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photograph still life gambling scene with chair arrangement at a roulette table and slot machines in the background for title of retail investor or speculator

In the News | Retail Investor or Speculator?

Chad A. Warrick
Jason Print
IN THE NEWS Retail Investor or Speculator? | Develop Your Game Plan for Investing

» Commentary by Chad Warrick and Jason Print, CFP®, Co-Presidents and CEOs | February 8, 2021

Much has been made of the rise and power of a new clan of retail investors. This new type of ‘investor’ has been bred by the pandemic and shutdowns. They have lots of time and extra cash on hand courtesy of government stimulus checks and canceled vacations and activities. When you combine those factors with low to no commission trades, easily accessible trading apps, and a rising stock market, you have all the necessary ingredients for a classic bubble in select stocks.

The past year has seen a boom in individuals buying stocks through retail online platforms. Social Media and message boards platforms like Reddit, add fuel vowing to make money while punishing the bad guys (in this case, the hedge funds of Wall Street). What could be better?

photograph still life gambling scene with chair arrangement at a roulette table and slot machines in the background for title of retail investor or speculator

Retail traders are associated with market inefficiency, because they are considered more likely to trade on noise, accelerating surges and dips these individuals are short-term speculators rather that long-term investors. You might equate them to people who bought homes in 2005, with the intent of booking a short-term profit by flipping the home to another investor. The strategy works well when prices rise, and you get out fast enough. If there is little to no intrinsic value in these ‘investments’, there is always a point where eventually the buyers run out of other buyers and the price will fall.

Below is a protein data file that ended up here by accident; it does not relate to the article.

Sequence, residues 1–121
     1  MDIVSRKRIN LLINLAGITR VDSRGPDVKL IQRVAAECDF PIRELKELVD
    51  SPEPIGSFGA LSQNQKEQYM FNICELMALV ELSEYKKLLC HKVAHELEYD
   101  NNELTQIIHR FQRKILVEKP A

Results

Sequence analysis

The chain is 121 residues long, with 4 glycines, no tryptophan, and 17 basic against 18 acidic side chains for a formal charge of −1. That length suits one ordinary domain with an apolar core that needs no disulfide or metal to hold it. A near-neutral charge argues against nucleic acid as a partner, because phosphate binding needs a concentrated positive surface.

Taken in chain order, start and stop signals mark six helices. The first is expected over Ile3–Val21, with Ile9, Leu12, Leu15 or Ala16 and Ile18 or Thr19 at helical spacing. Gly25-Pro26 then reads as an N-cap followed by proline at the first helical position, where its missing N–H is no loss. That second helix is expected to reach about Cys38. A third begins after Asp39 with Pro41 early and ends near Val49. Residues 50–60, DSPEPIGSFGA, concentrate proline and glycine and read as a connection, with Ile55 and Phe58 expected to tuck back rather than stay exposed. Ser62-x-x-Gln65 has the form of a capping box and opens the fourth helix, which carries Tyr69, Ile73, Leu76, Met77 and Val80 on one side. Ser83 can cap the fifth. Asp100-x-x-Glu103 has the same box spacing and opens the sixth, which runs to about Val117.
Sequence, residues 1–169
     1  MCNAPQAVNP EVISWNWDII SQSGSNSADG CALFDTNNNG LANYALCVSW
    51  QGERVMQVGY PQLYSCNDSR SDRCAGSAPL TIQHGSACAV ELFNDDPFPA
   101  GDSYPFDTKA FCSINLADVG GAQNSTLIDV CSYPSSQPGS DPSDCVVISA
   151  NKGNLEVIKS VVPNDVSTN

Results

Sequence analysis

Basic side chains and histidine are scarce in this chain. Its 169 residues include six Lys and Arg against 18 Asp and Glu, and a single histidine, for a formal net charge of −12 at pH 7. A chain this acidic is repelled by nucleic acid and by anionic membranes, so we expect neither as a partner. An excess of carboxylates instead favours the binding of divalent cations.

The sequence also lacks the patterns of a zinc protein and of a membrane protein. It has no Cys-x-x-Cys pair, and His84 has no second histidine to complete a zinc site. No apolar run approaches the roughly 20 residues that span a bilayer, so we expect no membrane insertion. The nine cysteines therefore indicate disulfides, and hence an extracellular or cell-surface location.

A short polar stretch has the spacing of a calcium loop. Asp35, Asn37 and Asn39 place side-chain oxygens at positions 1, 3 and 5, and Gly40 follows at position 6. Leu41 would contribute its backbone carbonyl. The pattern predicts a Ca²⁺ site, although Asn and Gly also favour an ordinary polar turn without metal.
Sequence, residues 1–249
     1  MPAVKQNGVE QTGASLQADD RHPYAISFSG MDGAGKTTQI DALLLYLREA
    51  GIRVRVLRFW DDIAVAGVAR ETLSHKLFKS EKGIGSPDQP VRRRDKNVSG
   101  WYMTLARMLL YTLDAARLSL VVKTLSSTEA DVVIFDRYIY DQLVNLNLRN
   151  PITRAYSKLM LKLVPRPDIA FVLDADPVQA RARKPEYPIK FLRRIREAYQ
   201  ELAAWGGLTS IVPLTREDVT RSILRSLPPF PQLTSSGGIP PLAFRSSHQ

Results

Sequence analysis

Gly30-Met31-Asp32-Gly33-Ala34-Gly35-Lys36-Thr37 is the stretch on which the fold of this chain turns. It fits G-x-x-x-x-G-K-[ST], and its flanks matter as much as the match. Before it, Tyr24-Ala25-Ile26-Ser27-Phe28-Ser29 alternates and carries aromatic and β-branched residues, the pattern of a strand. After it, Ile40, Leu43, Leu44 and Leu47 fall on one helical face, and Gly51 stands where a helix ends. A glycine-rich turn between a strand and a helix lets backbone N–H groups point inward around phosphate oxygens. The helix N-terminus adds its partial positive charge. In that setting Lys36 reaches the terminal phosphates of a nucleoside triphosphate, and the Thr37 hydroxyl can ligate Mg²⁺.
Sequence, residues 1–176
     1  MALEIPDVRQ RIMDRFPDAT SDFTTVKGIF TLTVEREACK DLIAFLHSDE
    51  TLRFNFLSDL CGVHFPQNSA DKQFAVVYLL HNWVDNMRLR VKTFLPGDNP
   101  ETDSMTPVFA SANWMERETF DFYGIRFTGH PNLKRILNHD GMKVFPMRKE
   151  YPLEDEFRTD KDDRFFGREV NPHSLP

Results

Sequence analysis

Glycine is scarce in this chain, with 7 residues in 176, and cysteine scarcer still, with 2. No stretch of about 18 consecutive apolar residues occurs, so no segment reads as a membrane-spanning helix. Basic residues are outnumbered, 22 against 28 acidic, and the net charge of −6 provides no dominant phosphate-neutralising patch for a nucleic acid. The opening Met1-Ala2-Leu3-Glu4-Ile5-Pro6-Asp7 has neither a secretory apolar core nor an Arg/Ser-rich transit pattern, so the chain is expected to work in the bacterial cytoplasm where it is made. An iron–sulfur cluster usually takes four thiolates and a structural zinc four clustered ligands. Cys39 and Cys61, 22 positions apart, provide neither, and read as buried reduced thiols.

According to the Wall Street Journal, two weeks ago, $22 billion worth of shares changed hands, that’s more than Apple, the world’s largest company, and double GameStop’s market value. GameStop is certainly a classic example of a speculative frenzy. The stock went from single digits to over $400 Per share. Anyone who held the stock for 10 days last week, made 10 times their money. What’s not to like?

Often overlooked in times like these is the relationship between risk and reward. While borrowing money and speculating on options or buying on margin can lead to outsized returns in the short-term, at some point, risk will also show up. It is important to understand the difference between an Investor and a Speculator.

A long-term investor recognizes that even though there are no guarantees on their principal, historically, they enjoy higher returns. They have a better chance of maintaining or enhancing their purchasing power, and they judge it to be worth the risk. A speculator does not necessarily have to wait around for a full market cycle for their profits if they happen to buy or sell at the right time, essentially a gamble.

At Summit, our financial plans are engrained with long-term investing principles. While there will always be new and exciting headlines, we have your financial goals and priorities in laser focus. At Summit, we will help you develop a game plan for investing. We will work with you to separate the investing from the speculating, giving you the greatest probability for achieving your goals. Thank you for your confidence. We do not take it for granted.